'QuadrigaCX case shows need for cryptocurrency regulation'

11 Mar, 2019
by Joeri Cant
'QuadrigaCX case shows need for cryptocurrency regulation'

Lisa Kramer, a Professor of Finance at the University of Toronto, who conducts research on topics including behavioural finance and economics, human emotion, psychology, financial markets, and business ethics, says that the QuadrigaCX debacle, above all, shows the urgent need for cryptocurrency regulations.

According to GlobalNews, the finance Professor at the University of Toronto, points out that one bad decision about password custodianship can cause more than a 100,000 people to lose access to their deposits.

'The reason why this is even possible', she says, 'lies in the murky and mostly lacking regulations that govern the cryptocurrency world. Nothing stops entrepreneurs like the QuadrigaCX CEO Gerald Cotten from running companies like Quadriga with no independent oversight.'

'Because QuadrigaCX is an exchange it operates in a regulatory vacuum', Kramer adds.

Read more: The QuadrigaCX timeline: as it happened

Kramer suggests that one might argue that the Canadian Office of Superintendent of Financial Institutions, which oversees Canadian banks that take regular dollar deposits, ought to be adapted to include oversight of virtual exchanges like QuadrigaCX, even if cryptocurrency exchanges are not technically banks and their deposits are non-traditional in nature.

'That oversight would impose accounting standards and reporting requirements that would help prevent the sorts of irresponsible missteps that put Quadriga depositors in such a precarious position.'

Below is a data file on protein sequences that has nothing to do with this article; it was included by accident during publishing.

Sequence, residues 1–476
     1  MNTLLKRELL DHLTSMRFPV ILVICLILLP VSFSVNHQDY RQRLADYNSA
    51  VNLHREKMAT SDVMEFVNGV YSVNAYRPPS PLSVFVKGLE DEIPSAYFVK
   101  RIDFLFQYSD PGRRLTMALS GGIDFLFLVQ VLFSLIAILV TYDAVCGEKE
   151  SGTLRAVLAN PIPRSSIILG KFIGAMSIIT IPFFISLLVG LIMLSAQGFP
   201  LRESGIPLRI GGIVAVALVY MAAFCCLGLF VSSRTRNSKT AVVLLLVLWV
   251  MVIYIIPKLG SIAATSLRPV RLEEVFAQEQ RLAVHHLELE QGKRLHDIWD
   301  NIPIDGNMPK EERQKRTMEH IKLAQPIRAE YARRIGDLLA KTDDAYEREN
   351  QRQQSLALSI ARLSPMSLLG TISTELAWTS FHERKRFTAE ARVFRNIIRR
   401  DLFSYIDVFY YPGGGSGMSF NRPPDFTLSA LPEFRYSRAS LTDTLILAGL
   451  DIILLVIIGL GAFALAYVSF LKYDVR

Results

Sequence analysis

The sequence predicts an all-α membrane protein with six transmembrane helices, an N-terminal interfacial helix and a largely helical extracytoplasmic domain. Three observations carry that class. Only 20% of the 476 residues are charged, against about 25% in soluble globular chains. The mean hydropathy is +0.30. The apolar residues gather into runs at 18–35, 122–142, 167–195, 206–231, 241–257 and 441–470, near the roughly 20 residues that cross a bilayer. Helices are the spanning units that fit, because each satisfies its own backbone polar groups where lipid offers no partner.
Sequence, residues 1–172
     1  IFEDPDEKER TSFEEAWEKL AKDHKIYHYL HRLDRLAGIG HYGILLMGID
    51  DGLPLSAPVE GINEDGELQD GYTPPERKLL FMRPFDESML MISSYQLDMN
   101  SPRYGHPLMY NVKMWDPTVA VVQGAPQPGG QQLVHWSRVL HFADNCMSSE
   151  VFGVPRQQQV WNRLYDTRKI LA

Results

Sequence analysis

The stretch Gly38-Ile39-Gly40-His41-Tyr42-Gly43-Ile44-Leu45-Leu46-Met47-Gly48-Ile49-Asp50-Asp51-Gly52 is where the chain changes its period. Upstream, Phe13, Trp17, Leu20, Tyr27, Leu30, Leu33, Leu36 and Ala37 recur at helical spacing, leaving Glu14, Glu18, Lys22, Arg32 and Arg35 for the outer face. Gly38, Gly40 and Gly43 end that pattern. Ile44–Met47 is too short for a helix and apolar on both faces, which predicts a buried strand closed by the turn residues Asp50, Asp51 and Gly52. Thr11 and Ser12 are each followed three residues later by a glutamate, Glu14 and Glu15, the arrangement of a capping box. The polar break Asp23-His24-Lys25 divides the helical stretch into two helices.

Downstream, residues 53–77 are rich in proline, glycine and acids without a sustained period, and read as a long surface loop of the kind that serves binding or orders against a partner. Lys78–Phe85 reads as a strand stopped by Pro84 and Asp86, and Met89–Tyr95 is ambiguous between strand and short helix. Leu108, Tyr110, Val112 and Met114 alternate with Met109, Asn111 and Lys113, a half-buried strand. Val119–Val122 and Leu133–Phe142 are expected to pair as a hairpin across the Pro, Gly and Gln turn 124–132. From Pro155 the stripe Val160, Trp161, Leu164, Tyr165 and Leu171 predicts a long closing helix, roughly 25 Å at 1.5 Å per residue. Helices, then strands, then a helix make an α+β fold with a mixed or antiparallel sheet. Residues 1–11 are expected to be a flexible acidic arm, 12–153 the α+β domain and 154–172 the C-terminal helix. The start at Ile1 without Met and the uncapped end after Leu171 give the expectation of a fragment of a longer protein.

She further points out that regulatory supervision would be beneficial to crypto investors in more than one way, as it could as well provide a certain level of protection against hackers and other cybercriminal activity that plagues the cryptocurrency world.

'In Canada, we regulate many industries that are risky or distasteful to some, including gambling, alcohol, tobacco and marijuana', Kramer says. 'The underlying calculus is that providing standards for certain illicit activities is preferable to driving those activities to the black market, where the risks would be amplified.'

Kramer states that she is not suggesting that these regulations should protect cryptocurrency speculators against losses that may arise from taking calculated risks.

'Rather', she says, 'I propose that depositors ought not to be penalized for the indiscretions of the custodians to whom they entrust their financial holdings.'

Read more: British Columbia Securities Commission says it doesn't regulate QuadrigaCX

Mike Stephens, a partner at Fasken Martineau DuMoulin LLP in Vancouver, voiced a similar opinion in regards to the QuadrigaCX fiasco.

'There really isn't anything in Canadian laws that would regulate a company like QuadrigaCX', he said.

'In a perfect world, the securities regulators would be regulating crypto-exchanges, but we need to have the regulation to kind of bring it under their jurisdiction, for sure, and then we don't have Quadrigas in the future.'

According to Stephens, Canadian authorities need to first undergo a process of education, evaluation and, ultimately, legislation, in order to mandate internal processes of crypto-businesses.

Stay with Chepicap as the QuadrigaCX saga continues to unfold.

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